Originally Posted by dubfam
I think that parents KNOW what the best thing is for their child.
Some kids need a longer goodbye, others are fine without it. I have seen children from the same family be both ways...so it isn't alway caused by the parent IMO.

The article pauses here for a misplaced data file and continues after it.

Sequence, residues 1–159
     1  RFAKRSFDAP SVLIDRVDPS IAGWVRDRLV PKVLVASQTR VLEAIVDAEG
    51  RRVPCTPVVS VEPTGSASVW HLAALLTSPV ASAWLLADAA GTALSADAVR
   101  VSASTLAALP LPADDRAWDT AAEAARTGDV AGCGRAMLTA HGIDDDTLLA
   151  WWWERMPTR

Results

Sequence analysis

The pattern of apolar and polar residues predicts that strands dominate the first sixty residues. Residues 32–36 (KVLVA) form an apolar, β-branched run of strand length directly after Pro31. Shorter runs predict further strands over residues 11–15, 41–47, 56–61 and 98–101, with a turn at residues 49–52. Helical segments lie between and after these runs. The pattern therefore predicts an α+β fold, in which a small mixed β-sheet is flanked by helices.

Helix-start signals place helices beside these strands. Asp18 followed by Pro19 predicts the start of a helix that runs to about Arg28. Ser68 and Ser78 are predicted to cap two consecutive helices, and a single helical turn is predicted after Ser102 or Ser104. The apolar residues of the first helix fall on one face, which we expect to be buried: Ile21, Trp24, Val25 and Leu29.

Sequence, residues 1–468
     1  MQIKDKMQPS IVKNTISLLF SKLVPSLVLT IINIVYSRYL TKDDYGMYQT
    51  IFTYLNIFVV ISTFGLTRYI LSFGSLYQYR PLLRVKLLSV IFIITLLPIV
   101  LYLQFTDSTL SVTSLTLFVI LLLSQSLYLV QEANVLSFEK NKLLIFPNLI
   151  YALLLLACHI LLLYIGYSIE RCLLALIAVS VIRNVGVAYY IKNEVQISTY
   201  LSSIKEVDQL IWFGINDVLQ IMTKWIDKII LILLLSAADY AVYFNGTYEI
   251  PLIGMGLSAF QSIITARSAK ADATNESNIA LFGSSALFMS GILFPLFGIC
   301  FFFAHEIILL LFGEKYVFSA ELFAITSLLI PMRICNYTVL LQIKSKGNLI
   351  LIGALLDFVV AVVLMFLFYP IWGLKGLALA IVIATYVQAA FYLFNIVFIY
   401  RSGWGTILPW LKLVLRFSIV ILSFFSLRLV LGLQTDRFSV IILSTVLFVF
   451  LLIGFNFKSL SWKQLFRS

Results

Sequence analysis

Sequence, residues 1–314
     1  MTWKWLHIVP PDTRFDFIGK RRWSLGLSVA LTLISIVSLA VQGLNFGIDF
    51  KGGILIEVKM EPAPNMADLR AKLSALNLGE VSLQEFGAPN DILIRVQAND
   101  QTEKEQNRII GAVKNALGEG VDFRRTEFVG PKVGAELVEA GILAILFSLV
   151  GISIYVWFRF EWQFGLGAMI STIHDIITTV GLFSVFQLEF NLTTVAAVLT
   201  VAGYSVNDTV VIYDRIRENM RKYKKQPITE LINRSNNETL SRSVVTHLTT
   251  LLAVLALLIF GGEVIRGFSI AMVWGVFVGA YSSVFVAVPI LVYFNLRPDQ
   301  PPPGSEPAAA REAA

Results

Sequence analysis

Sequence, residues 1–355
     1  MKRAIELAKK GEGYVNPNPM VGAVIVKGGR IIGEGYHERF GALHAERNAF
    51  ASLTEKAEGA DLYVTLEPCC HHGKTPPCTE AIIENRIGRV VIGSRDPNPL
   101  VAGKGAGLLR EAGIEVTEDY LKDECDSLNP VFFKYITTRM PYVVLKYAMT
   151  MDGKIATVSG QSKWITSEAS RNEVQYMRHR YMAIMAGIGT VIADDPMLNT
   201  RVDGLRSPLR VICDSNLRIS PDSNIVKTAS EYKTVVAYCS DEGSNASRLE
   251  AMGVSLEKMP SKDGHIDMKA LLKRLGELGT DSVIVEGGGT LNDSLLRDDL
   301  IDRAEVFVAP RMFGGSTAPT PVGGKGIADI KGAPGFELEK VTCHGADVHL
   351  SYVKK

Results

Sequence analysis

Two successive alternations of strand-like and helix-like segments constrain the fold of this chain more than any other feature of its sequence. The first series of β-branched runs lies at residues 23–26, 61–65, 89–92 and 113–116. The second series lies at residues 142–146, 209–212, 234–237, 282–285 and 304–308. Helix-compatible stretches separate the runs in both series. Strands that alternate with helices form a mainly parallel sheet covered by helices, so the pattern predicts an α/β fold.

Whoa! I wasn't in ANY way suggesting that ANYTHING was CAUSED by a parent...at all....by saying a quick exit is better, I only meant that I have seen parents be the ones with the separation issue, and by dragging out the goodbye "Mommy's going to miss you, etc etc etc" they actually ADD to the child's anxiety. And even without that component, ten years viewing things from the classroom perspective has shown me that students do MUCH better, adjust much more easily and readily, and feel more confident when their parent says goodbye (not sneaks out), is positive and upbeat, and makes the goodbye free of an emotional charge. Even if that meant the parent stifled their own separation issues, tears, etc. until out of view of the child. Children so easily pick up on the emotional cues we give them, so if we act like the separation is something to be sad about, worried about, etc. then we project those feelings on to the children. Of COURSE as a mom, I believe that I know what's best for my child. But I also know that when I drop him somewhere, he will feed off of my energy, and so I am loving and reassuring, but also very positive...without making the goodbye a long, drawn out thing that holds more drama than it needs to. This was simply an anecdote of my past experiences, nothing more. If you read my entire post, you saw that I disagreed with the behavior of this nursery volunteer. And as for those kids who need a longer goodbye, that's why I told parents to stay close by (lobby, parking lot, etc.) As a teacher, I wasn't in the business of making kids miserable, or making their drop-offs traumatic. Obviously if a child needed a different kind of transition, that's something that I worked with the parent to figure out. As another poster stated, this was all done up front, upon enrollment, and there was much explanation and discussion behind it. I'm sorry if my post was misinterpreted, but I was in NO way suggesting that parents don't know what is best for their child.